We can be in the Lake District in less than an hour and a half and both love the area despite all the wet stuff. Himself is a keen rambler and sees himself walking up fell and down dell, whilst as well as taking me for some gentle low level walks in the beautiful surrounding countryside. So October has seen us rather preoccupied fitting up our new second home with some necessities, before the site closes for winter to reopen in March. Himself is already chomping at the bit to be there as much as we can in the spring, so I am in a quandry about how I will manage seed sowing next year let alone the allotment. I have much thinking and planning to do over the winter and there will have to be some compromises!

One fiddly job  that I have done much later than planned is to top dress all my pots of special snowdrops with fresh horticultural grit. They are all looking pristine and fresh at the moment in readiness for flowering. At the moment the pots are all outside but if the weather turns really cold I will bring them under cover into the greenhouse which needs clearing in readiness. I'm also planning to relabel some snowdrops as names are disappearing. Talking of labels I will be posting the results of my label experiment soon - a year on from the date it began.

Meanwhile at the allotment clearing and dismantling is the order of the day. Beans and sweet pea wigwams are coming down and old foliage is heading to the compost heap. There are still some harvests here and there. The 'Polka' raspberries continue to flourish and produce. I picked what I think must be the last courgette of the year earlier this week. After four months of eating courgettes I'm happy to wait another few months before eating another. The strawberry plants are sending out flowers and occasionally there is the odd strawberry to nibble - especially sweet at this time of year.
Tomorrow we are having an autumnal celebration on site which I'm looking forward to with soup and parkin being on the menu.

Plantwise I've resisted the temptation to make purchases apart from bulbs. A shipping order from Peter Nyssen arrived a couple of weeks ago which is looking at me and shrieking "Plant Me Now!" every time I go past. I've also added another snowdrop to the collection or was that last month? Whatever the date of arrival it's galanthus 'Ding Dong' which is an early riser. Maybe there will be photos in November. Yes I must make a start on that manual.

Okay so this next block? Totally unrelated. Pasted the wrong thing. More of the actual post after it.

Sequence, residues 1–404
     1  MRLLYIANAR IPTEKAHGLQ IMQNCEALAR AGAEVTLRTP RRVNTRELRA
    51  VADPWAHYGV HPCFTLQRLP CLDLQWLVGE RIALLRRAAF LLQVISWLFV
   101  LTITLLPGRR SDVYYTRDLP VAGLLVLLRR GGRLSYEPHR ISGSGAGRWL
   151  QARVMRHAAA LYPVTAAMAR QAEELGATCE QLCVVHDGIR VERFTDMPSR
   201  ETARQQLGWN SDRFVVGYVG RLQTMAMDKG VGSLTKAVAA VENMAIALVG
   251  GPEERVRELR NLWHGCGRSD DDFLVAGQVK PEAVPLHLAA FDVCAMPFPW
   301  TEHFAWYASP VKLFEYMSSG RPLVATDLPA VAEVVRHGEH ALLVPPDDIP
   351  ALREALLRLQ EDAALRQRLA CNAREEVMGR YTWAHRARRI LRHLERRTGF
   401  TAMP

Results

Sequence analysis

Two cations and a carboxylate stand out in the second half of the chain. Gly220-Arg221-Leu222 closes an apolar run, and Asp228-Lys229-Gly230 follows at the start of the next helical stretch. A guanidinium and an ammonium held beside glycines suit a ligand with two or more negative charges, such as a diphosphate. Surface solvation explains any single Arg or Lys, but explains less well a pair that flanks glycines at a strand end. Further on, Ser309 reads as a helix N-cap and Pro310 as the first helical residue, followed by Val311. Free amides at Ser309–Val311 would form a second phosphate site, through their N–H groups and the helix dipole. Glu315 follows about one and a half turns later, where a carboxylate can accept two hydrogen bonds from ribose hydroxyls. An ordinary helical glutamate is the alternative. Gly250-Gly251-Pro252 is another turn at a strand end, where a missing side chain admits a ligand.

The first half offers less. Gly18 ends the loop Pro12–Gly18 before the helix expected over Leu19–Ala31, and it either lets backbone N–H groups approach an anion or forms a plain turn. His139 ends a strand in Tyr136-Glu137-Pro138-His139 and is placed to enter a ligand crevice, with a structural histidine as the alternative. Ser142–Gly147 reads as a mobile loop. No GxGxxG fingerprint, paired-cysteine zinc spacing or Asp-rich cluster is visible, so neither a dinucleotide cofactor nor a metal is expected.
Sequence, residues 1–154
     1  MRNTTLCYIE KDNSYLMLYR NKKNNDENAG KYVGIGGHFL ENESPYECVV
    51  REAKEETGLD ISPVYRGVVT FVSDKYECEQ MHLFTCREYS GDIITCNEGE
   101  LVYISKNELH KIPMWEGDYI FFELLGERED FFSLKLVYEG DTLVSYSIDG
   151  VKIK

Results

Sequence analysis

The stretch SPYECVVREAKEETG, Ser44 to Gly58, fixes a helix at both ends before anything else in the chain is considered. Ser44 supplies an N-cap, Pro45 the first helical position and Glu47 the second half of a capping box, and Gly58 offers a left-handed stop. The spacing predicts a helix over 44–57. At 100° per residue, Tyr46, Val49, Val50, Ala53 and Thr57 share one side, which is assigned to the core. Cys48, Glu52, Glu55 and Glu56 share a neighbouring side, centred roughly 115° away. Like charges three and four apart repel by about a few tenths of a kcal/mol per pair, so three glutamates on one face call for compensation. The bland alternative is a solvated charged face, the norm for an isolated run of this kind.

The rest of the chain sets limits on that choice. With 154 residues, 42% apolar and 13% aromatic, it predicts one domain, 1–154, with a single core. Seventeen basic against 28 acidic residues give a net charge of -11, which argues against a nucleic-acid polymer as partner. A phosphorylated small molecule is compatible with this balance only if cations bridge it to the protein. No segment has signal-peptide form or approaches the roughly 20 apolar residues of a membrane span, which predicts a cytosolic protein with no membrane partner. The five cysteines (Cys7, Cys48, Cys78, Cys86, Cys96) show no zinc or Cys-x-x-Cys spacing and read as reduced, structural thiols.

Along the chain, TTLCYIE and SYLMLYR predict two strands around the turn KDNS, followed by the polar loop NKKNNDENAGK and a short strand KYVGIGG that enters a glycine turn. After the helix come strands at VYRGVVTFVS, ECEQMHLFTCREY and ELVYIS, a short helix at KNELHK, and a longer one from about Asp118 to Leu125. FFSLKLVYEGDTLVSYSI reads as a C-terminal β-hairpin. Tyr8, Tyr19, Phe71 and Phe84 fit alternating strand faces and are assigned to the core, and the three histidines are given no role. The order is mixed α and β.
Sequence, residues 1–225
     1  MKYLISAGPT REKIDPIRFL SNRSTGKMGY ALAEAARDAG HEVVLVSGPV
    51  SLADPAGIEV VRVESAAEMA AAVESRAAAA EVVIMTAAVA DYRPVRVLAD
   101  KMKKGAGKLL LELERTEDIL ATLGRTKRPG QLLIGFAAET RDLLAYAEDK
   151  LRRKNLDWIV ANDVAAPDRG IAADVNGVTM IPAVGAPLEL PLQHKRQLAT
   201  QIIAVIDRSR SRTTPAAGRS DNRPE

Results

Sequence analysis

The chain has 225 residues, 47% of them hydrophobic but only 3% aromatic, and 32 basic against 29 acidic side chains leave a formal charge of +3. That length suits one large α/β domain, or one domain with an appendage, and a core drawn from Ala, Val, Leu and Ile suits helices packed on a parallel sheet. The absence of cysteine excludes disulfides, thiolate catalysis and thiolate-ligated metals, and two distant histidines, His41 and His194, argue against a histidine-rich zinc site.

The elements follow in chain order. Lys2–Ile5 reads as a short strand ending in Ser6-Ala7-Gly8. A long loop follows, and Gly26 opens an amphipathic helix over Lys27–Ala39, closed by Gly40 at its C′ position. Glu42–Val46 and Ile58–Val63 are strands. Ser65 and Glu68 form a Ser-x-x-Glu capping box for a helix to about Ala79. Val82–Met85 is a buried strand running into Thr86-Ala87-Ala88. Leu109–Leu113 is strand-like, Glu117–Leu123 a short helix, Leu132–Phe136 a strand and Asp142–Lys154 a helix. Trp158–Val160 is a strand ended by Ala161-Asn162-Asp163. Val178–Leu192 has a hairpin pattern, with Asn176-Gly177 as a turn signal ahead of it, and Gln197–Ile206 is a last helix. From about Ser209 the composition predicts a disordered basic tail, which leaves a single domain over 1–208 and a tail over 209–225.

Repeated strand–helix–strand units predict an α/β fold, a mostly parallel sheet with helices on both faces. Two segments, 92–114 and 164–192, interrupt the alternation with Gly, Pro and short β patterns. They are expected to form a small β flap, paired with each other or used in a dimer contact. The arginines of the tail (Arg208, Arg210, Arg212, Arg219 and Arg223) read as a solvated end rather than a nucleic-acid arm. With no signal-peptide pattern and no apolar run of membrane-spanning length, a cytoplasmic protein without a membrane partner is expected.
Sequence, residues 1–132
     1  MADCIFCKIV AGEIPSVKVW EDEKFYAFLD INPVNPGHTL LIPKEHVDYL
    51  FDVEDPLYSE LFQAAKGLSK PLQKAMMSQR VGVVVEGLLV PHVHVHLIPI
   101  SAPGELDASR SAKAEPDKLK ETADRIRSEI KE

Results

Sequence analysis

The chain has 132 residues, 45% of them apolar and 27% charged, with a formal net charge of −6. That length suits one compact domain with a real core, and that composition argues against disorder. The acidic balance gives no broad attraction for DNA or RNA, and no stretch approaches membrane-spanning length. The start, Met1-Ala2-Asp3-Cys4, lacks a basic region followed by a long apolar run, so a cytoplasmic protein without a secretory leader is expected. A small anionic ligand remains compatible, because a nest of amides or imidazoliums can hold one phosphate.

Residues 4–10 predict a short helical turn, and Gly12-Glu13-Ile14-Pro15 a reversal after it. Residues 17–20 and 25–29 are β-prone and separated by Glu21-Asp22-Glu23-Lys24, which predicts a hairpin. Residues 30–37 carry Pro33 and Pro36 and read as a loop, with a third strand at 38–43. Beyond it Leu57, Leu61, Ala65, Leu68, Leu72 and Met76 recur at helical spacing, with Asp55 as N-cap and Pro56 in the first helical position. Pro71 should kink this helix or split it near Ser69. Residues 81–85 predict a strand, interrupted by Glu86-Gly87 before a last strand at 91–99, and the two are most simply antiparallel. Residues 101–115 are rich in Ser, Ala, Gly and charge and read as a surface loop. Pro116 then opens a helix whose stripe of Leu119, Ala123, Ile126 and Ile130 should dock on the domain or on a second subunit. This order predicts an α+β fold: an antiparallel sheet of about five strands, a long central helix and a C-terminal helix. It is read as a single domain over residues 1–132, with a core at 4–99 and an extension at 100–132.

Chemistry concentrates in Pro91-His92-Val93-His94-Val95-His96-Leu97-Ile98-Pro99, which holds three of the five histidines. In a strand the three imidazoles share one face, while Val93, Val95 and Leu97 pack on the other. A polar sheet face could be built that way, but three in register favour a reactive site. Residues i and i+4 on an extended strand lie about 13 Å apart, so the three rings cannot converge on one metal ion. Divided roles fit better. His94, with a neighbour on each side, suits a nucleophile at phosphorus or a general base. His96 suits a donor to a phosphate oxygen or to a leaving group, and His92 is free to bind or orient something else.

Thanks as always to the lovely Helen over at 'The Patient Gardener's Weblog' who provides us with the opportunity to reflect and contemplate about our gardens each month as well as look forward to the future.

Monday, 27 October 2014

In A Vase On Monday ~ Still Blushing


I picked a spray of this rose in the third week of June, along with some sweet peas for a vase which you can see here. The sweet peas are done and dusted but the rose is covered with sprays which have started to open during the last few days. The flowers are not as pristine as they were in the summer - some of the petals are peppered with small holes, but from a distance with my eyes squinting they look as every bit as fresh. What seems to have faded with time though is the scent. I'm not sure whether it's my imagination but do roses loose scent as the months progress? Maybe it's temperature related. I'm not sure whether all the buds will have the chance to open before the onset of colder weather but I'm keeping my fingers crossed for some roses in November.

The rose in question is 'Blush Noisette' which I fell for when we visited the 'Queens Garden' at Sudeley Castle in Gloucestershire a few years ago. It arrived here the following January as a bare rooted rose which severely tested my powers of imagination. However to my delight out from a twiggy mass leaves and flowers duly emerged and opened that summer.'Blush Noisette' dates back to about 1814 and can be grown either as a shrub or as a small climber.


The little vase is a relatively new inexpensive one, which I think I picked up from that well known Swedish furniture store renowned for its meatballs. I've still to try them.

With thanks to Cathy over at 'Rambling In The Garden' who came up with the idea of sharing a vase of flowers to celebrate the start of a new week.

Monday, 20 October 2014

Musing ~ October 2014


"One says October, one says Nature lies down to sleep ; the gardener knows better, and will tell you that October is as good as month as April. You ought to know that October is the first spring month, the month of underground germination and sprouting, of hidden growth , of swelling buds ; scratch a little into the ground and you will find buds ready made, thick as your thumb, fragile shoots and straggling roots - I can't help you, Spring is here ; go out, gardener, and plant (but be careful that you don't cut with the spade a sprouting narcissus bulb)"

~ an extract from 'The Gardener's Year' - by Karel Čapek, 1890 - 1938.

I'm not sure whether October is really the new April but oh what a positive attitude towards the first month of autumn. Now working to get myself into that mindset.